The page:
Analyzing Deepwater Horizon Oil Spill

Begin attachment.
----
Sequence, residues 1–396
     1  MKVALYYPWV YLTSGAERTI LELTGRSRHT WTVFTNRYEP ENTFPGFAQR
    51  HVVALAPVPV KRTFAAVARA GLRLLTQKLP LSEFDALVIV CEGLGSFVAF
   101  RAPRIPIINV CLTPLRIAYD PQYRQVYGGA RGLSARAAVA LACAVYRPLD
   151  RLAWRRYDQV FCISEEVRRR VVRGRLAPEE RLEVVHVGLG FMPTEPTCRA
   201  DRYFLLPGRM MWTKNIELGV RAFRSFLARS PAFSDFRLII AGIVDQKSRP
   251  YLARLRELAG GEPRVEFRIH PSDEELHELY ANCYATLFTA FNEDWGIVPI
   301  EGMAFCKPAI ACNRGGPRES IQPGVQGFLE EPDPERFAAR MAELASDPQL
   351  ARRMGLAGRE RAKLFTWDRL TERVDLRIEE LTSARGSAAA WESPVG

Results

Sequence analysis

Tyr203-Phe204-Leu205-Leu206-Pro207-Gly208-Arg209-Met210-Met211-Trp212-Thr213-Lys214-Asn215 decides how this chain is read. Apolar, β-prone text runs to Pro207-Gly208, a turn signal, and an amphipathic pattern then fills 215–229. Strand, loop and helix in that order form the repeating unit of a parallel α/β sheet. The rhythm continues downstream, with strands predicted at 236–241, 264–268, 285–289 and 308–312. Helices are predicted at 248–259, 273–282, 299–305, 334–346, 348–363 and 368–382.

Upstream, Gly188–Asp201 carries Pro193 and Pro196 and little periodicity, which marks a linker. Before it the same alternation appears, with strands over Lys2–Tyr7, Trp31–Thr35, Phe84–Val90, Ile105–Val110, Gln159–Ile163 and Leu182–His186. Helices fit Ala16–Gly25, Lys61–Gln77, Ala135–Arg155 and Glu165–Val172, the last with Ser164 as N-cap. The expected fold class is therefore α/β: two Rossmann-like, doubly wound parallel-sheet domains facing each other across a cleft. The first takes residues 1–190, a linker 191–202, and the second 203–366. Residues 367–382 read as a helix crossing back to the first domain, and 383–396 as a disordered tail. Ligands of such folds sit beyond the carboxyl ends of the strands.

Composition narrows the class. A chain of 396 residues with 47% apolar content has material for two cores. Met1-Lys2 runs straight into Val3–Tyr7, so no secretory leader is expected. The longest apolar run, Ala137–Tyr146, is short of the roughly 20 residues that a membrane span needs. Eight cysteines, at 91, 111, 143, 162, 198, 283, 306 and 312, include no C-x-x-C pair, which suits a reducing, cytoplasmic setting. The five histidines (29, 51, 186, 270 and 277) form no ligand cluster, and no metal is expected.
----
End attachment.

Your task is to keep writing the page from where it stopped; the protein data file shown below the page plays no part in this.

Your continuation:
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Introduction The Gulf of Mexico is a valuable nationwide treasure. Its natural deposits-- water, fish, beaches, reefs, marshes, oil and gas-- are the financial engine of the area. USDC (2012) asserts that the Gulf of Mexico is similarly essential to the whole country as an abundant source of meals, energy and entertainment. The Gulf Coast's distinct culture and natural charm are world-renowned. There is no location like it anywhere else on Earth (USDC, 2012). USDC (2012) reports that on April 20, 2010 examinations of the world concentrated on an oil platform in the Gulf, around 50 miles off the Louisiana coastline. The mobile drilling unit Deepwater Horizon, which was being made used to drill an experimental well for BP Exploration and Production, Inc. (BP), violently blew up, ignited and at some point sank, tragically eliminating 11 employees. However that was just the start of the catastrophe. Oil and various other compounds from the rig and the well started streaming unabated around one mile below the area. Preliminary efforts to cap the wells were not successful, and for 87 days oil ejected unmonitored and uncontrolled into the Gulf. Oil soon enough covered a huge location of hundreds of square miles, and held by the tides and currents reached the coastline, contaminating beaches, bays, estuaries and marshes from the Florida panhandle to west of the Mississippi River delta. At the height of the spill, around 37 % of the open water in the Gulf was closed to fishing.
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